It’s called the “Gray Zone,” and for a long time the name fit as far as lobstermen from Maine and Grand Manan were concerned. But this summer it all changed, and now it’s an area of sometimes heated dispute.

Both the U.S. and Canadian governments have laid claim to the “Gray Zone,” a roughly oval-shaped area in the Gulf of Maine centering on the also-disputed Machias Seal Island. Because of staggered lobster seasons, however, the area has not been a problem for lobstermen from either side.

Noting that Maine fishermen had increased their effort in the zone, Grand Manan fishermen said they were concerned that the effort would decrease their catches during the regular season, from November to June. Both sides met in April to talk about the issue, but failed to resolve it.

“They [Maine fishermen] said that if we were so concerned about this, why didn’t we just come over and fish,” says Laurence Cook, a Grand Manan fisherman, who’s also chairman of the Lobster Fishing Area 38 advisory committee. “I don’t think they thought we would, but they were wrong.”

On Aug. 15, Grand Manan fishermen began setting traps the zone in a new season from Aug. 15 to Oct. 31, under a newly designated area, 38B, by the DFO. As of the third week in August, there were no reports of any incidents.

Norbert Lemieux, a Cutler fisherman and president of the Downeast Lobstermen’s Association, says that the whole situation could be resolved if the Grand Manan fishermen started their regular season a month earlier.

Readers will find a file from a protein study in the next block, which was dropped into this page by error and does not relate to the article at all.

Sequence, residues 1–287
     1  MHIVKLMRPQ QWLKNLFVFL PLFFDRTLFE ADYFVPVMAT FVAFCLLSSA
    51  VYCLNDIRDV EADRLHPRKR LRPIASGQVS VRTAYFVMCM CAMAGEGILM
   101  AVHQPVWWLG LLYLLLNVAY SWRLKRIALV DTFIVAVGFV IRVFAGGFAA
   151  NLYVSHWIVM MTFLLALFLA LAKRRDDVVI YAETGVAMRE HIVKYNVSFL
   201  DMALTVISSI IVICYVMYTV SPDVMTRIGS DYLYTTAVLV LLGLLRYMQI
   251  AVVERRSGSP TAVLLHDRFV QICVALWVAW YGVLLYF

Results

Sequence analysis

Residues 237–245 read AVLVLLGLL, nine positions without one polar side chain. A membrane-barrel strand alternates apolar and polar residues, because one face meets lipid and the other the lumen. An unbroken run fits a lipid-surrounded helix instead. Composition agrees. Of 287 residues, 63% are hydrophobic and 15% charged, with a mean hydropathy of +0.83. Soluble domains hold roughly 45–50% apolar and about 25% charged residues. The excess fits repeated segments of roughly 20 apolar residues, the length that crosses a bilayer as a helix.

Lemieux, who is also chairman of Zone A (Eastport to Schoodic Point) Board, Lobster Management Council, and a member of the DMR Lobster Advisory Council, says that the Grand Manan action is a threat to the livelihoods of Cutler and Trescott fishermen. “As it is, the boundary line comes right up to our front door,” he says. “What more do they want?”

Maine Department of Marine Resources Commissioner George Lapointe, however, believes that the only way the dispute will be settled is by “face-to-face meetings, fishermen to fishermen.”

Lapointe says that he’s been working with Greg Peacock of the Canadian Department of Fisheries and Oceans to set up such a meeting, tentatively scheduled for the third week in September.

“There are a lot of issues that need to be talked about,” Lapointe says. “And we need to start discussions soon before we move into the winter season and get some kind of resolution.”

He concedes that the task won’t be easy. “This is an extremely complex issue. It’s a lot more complicated that just moving some traps.”

Each side maintains that the other is harming conservation efforts, and both sides say that their respective proposals have been ignored. Lemieux charges that Grand Manan fishermen laid gear over Maine trawl lines, but Cook says that he had to pull his gear out from under Maine gear.

In response to a charge by Lemieux that the Aug. 15 action didn’t have the support of a majority of Grand Manan fishermen, Cook says, “We sent mail ballots out to all lobster license holders, and the majority were in favor of this action. It wasn’t even close.”

Lemieux says, “Look, we’re not trying to take anything away from them. We’re just trying to fish where we’ve always fished.”